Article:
- The Washington Times - Wednesday, May 16, 2007

Here’s a look at some hardware and software that’s available: Catan, from Big Huge Games for Xbox 360, rated E for everyone, 800 Microsoft points ($10). With the expansive selection of frenetic, high-volume, action-packed console challenges on the market, I still find it a joy to play a game that offers none of the above.

More precisely, in the Xbox Live Arcade download of Catan, I found a strategy-rich, turn-based methodical challenge perfectly simulating a board game created in Germany 12 years ago.

A player becomes a settler on the lost island of Catan and must collect resources and establish a thriving colony within the confines of a hexagonal board made up of 19 randomly arranged hexagonal numbered tiles that represent wool, grain, bricks or lumber.

Old-fashioned dice rolls determine the numbered tile that will deliver resource cards to players. The player who meets enough conditions with his settlement to collect 10 victory points wins. A certain combination of resource cards collected in turn allows settlers to build cities and roads and earn victory points.

Trading between players is encouraged and will become contentious — especially with other live opponents. The collection of Development cards adds another twist to the action as they allow players to use armies and steal resources from other settlers.

Those overwhelmed by the rules will appreciate a “learn as you play” tutorial that offers hints and some strategies during a practice match.

The single-player mode allows a player to challenge up to three of the greatest computer-assisted leaders on Earth. Thirteen luminaries such as Abraham Lincoln, Cleopatra and Alexander the Great are available to challenge, each with his or her own cerebral strengths and weaknesses.

The most wondrous part of Catan is its Xbox Live multiplayer functionality for up to four settlers to take part in a session with their broadband connection.

I am more impressed every day with the Xbox Live Arcade service as at 2:30 a.m. on a Monday, I was able to set up a game within minutes with three other night owls. We could chat with one another via headphones or shoot some taunts at one another via some silly animation directed at the players’ icons.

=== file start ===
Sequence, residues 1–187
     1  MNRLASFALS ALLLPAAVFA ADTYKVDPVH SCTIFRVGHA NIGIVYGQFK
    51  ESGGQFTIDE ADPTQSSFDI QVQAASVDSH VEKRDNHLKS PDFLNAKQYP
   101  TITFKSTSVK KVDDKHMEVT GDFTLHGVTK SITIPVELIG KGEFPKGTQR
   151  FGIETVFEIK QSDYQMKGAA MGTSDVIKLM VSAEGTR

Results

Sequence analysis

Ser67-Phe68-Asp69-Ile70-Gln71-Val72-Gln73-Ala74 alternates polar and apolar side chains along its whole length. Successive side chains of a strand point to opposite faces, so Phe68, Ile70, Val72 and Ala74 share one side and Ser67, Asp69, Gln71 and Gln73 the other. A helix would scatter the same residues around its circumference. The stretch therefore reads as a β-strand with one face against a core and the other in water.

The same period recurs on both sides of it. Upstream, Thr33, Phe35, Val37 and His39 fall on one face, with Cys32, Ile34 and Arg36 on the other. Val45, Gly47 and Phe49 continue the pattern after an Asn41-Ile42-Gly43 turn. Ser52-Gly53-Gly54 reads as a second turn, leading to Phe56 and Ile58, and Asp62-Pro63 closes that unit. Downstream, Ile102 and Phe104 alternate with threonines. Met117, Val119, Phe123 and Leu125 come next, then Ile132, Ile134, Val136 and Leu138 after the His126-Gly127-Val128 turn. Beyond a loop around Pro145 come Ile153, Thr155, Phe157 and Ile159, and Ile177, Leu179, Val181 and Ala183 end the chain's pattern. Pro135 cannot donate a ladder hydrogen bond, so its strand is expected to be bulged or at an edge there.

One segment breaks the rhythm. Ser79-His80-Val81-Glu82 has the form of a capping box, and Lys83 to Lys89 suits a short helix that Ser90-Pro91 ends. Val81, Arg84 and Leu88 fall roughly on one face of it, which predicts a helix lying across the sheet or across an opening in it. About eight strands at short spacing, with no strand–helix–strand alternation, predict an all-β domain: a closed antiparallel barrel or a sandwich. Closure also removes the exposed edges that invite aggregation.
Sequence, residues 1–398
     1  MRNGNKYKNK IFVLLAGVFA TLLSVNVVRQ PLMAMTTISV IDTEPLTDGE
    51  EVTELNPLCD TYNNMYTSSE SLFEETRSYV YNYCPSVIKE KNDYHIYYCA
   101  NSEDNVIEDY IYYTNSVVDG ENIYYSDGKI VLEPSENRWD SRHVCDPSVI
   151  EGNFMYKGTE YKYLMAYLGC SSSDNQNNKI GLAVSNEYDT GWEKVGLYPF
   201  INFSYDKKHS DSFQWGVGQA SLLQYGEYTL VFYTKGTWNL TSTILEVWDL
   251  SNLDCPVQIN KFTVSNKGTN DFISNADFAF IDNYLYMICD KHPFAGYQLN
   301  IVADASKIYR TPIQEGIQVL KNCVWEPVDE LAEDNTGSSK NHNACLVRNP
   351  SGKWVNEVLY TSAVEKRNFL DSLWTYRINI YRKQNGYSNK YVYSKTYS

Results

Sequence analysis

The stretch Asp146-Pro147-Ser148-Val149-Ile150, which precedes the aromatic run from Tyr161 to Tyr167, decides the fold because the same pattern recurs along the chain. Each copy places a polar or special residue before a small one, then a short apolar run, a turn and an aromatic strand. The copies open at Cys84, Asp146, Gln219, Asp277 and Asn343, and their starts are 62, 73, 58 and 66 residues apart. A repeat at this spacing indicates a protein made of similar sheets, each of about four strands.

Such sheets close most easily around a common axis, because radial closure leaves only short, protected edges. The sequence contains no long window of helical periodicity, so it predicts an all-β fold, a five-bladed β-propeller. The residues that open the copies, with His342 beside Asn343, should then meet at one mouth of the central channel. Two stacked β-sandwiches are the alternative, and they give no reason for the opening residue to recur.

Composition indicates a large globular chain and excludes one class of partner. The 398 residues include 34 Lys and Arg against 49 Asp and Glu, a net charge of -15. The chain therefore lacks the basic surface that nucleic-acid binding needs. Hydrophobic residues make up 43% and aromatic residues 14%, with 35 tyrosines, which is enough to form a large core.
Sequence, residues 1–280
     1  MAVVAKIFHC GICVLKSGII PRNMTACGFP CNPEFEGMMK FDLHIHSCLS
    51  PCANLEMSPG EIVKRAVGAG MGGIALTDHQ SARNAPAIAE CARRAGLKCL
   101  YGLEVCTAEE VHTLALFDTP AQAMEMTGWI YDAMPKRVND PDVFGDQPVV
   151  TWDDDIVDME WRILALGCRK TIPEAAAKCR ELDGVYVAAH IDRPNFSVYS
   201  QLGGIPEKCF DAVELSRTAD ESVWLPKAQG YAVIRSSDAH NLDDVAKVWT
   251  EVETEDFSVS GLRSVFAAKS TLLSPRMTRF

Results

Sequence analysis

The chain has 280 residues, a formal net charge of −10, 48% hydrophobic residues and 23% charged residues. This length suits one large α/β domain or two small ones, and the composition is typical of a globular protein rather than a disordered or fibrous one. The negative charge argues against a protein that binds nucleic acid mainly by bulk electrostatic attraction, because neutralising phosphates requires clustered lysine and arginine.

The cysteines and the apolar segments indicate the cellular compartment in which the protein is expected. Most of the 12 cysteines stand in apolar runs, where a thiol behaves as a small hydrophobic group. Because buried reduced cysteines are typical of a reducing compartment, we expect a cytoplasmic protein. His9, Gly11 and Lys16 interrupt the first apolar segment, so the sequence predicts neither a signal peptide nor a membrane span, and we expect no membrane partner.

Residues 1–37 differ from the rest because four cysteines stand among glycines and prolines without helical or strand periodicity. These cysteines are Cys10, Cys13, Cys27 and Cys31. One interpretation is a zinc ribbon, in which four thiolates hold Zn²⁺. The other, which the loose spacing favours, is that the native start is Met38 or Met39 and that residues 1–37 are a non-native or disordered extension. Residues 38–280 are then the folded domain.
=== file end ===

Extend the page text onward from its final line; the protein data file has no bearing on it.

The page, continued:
It is not as impressive as other Xbox Live Arcade games that allow video conferencing during the action (with Xbox Live Vision Camera), but do I really need to see what a bunch of goofs who play a video board game at bizarre hours of the night look like?

3D Ultra Minigolf Adventures, for Xbox 360, rated E for everyone, 800 Microsoft points ($10). Another traditional game goes from the outdoors to the virtual realm via an Xbox Live Arcade download as the fine sport of miniature golf is livened up through some colorful and cartoony environments.

Up to four players can choose from four avatars and hit the links in a challenge that offers three themed courses — Old West, Carnival and Outer Space — with a possible 36 holes’ worth of action.

Intricate designs greet the golfers as they encounter familiar challenges such as ramps and obstacles, but they also will find an occasional spaceship to give their ball a lift into the hole or a scorpion ready to send a player into double bogey territory.

Additionally, the controller can be set up three ways, and players can take advantage of power-ups scattered on the courses that can be used to blast or electrify an opponent’s ball out of bounds.

A too-brief tournament mode for the solo golfer as well as a limited course creator rounds out the game’s extended options.

Even though I can’t argue with its cost, the game offers only slightly more than a demo. It could use more of everything, especially more holes and a more robust course creator.

Overall, 3D Ultra Minigolf will not appeal to the single player but may fit the bill for those looking for a passable party game at an extremely reasonable price.

Write to Joseph Szadkowski, The Washington Times, 3600 New York Ave. NE, Washington, DC 20002; or send e-mail

(jszadkowski@washingtontimes.com).

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